A Saudi-based artist and a math teacher has designed a transparent mosque as part of an art project called “Paradise Has Many Gates,” to send a strong message to the Islamophobes that mosques are not the places for breeding terrorists.
Ajlan Gharem, 32, who works as a math teacher at Al Sahabah Public school in Riyadh, Saudi Arabia, who also co-founded Gharem Studios along with his brother Abdulnasser Gharem, went out of the box to present his art in a precise yet subtle way to those who call Mosques – a place for breeding terrorists.
He travelled all the way to Vancouver Canada at Open-air museum in June to present his concept. Later, “Paradise Has Many Gates” was erected in the parking lot of Houston’s Station Museum of Contemporary Art. And during all the summer it stayed in Texas.
The mosque is made up of severe steel fencing which is normally used by Europe to bar the refugees from entering and by the United States Military at Guantanamo Bay. This idea appealed a lot of people to praise his concept, but it sparked a lot of controversy as well.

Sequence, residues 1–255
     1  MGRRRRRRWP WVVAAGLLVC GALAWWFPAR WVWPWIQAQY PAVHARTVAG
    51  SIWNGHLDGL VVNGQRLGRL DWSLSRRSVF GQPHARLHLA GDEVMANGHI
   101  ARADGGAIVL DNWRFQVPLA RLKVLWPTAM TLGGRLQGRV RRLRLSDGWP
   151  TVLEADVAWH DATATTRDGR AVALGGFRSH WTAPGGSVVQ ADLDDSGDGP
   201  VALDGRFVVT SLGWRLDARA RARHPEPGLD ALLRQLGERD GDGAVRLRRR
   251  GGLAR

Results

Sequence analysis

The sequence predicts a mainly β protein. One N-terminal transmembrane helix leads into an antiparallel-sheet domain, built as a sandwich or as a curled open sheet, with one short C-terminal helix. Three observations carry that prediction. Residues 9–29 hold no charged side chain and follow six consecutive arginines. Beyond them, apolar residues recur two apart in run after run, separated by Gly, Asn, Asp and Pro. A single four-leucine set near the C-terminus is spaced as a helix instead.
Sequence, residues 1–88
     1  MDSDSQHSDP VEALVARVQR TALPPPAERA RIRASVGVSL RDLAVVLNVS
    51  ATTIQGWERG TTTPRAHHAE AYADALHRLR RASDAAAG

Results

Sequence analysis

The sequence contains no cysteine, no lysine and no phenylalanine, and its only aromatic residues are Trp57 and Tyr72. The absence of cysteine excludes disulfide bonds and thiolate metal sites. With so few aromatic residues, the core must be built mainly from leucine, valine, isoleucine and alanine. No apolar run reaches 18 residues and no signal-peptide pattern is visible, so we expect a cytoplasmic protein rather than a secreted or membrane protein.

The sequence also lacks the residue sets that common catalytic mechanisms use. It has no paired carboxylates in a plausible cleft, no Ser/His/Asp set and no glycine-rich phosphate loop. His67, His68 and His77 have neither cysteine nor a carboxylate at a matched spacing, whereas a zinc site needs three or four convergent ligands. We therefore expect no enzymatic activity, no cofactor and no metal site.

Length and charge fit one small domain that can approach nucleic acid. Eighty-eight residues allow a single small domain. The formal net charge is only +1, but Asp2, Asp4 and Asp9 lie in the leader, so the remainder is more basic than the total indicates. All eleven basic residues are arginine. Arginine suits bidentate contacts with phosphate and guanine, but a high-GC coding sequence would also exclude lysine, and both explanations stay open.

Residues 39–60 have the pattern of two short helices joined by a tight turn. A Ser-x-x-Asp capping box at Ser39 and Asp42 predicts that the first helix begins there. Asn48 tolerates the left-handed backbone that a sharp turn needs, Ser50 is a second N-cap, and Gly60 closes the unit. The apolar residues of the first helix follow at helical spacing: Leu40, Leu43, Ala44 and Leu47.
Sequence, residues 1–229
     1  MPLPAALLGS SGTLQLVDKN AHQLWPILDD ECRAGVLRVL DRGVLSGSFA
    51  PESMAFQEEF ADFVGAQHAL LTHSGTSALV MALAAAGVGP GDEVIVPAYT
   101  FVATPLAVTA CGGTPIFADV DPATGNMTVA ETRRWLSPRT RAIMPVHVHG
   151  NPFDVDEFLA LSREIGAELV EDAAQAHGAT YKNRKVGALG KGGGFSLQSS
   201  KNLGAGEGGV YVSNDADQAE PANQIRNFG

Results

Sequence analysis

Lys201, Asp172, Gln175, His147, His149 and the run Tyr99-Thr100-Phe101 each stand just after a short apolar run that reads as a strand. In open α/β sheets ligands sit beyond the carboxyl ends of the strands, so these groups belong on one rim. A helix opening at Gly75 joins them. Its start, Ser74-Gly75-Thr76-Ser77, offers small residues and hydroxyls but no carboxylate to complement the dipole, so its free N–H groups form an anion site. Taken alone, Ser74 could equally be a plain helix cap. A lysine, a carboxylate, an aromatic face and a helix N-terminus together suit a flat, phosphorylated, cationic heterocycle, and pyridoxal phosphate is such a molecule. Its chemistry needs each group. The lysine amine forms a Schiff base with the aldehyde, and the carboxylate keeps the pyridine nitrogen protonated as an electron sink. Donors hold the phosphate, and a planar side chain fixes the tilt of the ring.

“It’s not just something to show — it’s going to be a new space for ideas, for dialogue, for a new kind of conversation,” Gharem told media.
“For me the teaching thing is good, it gives me a chance to be among the people, among the society — the revolution is in the kids,” he said. “So, I’m a math teacher by day, and an artist by night,” he added.
His idea of the transparent mosque was to appeal the rational thinking of non-Muslims to reflect on the concept – what Muslims perform in a transparent mosque is the same what they perform in a walled-mosque, so it’s absolute ludicrous to relate Islam, Muslims and Mosques to terrorism.
His website states: “The mosque is a conduit for the symbolic power wielded by all those above the unwitting individual… The mosque is the public square reincarnate but with attendance mandatory, at least socially.”